It’s been a difficult last few weeks for Australia, but a morale-boosting series win over their transtasman rivals should be just what the doctor ordered.
Two days before launching their series against New Zealand, Australia were not only comfortably beaten by South Africa but replaced at the top of the ODI rankings by the Proteas, and it hurts.
Facing New Zealand, though, is a different prospect. The Chappell-Hadlee Series will see Australia start as warm favourites based on the past meetings between the teams.
With the notable exception of a 3-0 series defeat in New Zealand in February 2007, Australia have had the wood over their rivals for as long as these countries have played limited overs internationals.
The most recent ODI clashes saw Australia win the December 2007 series 2-0, earning victories by seven wickets in Adelaide and 114 runs in Hobart.
This series is the second part of the New Zealanders’ tour which began with two tests in November, in which once again Australia were dominant. They won by 149 runs at the Gabba, restricting New Zealand to less than 180 in both innings, and had a convincing innings and 62 run margin in the second test at Adelaide.
In between times, New Zealand played out an even series with the West Indies, but are going into this first ODI on the back of a disappointing defeat to the Prime Minister’s XI in Canberra, where even a century from Brendon McCullum was not enough to help them to a defendable target.
McCullum is key to New Zealand’s chances, yet he may not keep wicket depending on how he has recovered from a training injury. Gareth Hopkins is in Perth in case McCullum can only bat, while Jesse Ryder’s injured left shoulder keeps him out of this first game. Jacob Oram is missing from the series, which further weakens the tourists.
New Zealand are a better one-day side than they are in tests, but their line-up looks a little inexperienced. The batting stocks in particular are not as strong as they would like and this is a tough situation for the likes of Trent Boult, Neil Broom and in particular the little-known Brendon Diamanti to be pitched into.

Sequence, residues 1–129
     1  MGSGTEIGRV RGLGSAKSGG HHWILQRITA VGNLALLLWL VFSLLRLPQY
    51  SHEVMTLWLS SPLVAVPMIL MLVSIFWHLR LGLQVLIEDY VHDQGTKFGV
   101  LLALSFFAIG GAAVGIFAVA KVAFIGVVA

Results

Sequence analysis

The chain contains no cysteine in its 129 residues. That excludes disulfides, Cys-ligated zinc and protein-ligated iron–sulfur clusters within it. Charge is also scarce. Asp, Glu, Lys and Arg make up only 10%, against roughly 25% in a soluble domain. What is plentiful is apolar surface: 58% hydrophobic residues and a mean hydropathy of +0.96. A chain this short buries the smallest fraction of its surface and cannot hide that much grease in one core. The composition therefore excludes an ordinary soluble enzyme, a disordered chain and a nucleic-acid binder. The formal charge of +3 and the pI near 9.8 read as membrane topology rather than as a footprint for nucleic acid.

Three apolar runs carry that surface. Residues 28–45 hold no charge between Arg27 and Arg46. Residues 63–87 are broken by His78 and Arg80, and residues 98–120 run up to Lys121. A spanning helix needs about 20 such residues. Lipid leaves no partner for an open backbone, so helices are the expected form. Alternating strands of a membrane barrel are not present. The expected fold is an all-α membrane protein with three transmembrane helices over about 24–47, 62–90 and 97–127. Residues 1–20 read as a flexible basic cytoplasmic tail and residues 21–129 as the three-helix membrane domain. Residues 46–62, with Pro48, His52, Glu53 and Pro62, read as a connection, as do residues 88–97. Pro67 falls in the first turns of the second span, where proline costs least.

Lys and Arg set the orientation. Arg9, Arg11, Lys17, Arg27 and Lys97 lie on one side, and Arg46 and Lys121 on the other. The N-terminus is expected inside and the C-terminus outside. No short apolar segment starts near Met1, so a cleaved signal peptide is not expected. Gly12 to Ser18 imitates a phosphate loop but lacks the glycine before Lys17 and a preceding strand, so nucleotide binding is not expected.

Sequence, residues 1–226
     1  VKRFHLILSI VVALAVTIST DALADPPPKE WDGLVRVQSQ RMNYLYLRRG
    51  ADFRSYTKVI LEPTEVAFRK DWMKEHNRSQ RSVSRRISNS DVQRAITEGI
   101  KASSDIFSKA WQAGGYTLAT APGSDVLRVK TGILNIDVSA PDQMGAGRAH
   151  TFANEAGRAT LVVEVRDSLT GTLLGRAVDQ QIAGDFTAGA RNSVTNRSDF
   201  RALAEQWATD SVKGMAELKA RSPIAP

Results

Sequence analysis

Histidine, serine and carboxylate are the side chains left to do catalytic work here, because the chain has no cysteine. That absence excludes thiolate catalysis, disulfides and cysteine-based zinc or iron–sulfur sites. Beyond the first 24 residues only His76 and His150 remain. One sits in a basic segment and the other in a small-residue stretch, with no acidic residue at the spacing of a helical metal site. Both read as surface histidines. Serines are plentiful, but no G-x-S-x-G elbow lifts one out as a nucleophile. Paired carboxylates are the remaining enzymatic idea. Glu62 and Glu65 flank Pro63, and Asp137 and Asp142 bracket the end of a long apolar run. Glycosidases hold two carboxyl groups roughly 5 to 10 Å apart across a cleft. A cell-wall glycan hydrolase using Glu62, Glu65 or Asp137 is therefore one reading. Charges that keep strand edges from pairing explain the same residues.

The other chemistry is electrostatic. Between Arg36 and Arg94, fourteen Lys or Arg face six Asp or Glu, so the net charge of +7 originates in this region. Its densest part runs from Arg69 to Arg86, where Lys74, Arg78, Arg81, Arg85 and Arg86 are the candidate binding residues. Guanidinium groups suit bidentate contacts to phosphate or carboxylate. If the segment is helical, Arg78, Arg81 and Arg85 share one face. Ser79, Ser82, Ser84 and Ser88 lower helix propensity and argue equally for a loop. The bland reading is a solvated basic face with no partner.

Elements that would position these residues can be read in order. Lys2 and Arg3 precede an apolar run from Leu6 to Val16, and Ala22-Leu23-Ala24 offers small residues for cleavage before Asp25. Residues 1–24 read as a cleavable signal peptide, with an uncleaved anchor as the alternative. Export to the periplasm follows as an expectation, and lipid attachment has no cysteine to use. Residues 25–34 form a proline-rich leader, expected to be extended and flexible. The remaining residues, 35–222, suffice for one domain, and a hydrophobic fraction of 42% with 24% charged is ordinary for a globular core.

If McCullum is at all restricted in hip movement Australia will look to exploit his weakness, and in this side too much rests on the shoulders of the likes of Ross Taylor and Peter Fulton.
Australia have the advantage of having played against South Africa on Friday at the same ground, so they know the pitch and conditions and can look to rattle the New Zealanders who have sat idle for a while.
Look for Ricky Ponting to recover from his uncharacteristically nervy failure on Friday by taking the game to the New Zealanders. He has enjoyed success against them before, notably his two centuries in as many matches at the end of 2007, the 24th and 25th of his career to that point. It was notable that when New Zealand did whitewash Australia, Ponting was resting ahead of the World Cup.
It’s possible to make an argument that coming off the back of that game against South Africa on Friday, Australia are not in the best of spirits. But the wise money will be on them to start this series off in the right way, so they should be backed in match odds betting.
Cricket is a game that I don’t understand … most sport after a bit of watching you catch on to it .. but cricket no way.
Then a found out that one of our staff members where active player ..even if a bit up in age and I watch a couple of matches from the Ashes on TV with him and it was very exciting. Never too old to learn. Not a sport we do a lot of in Sweden. We have a national team .. founded in 1990.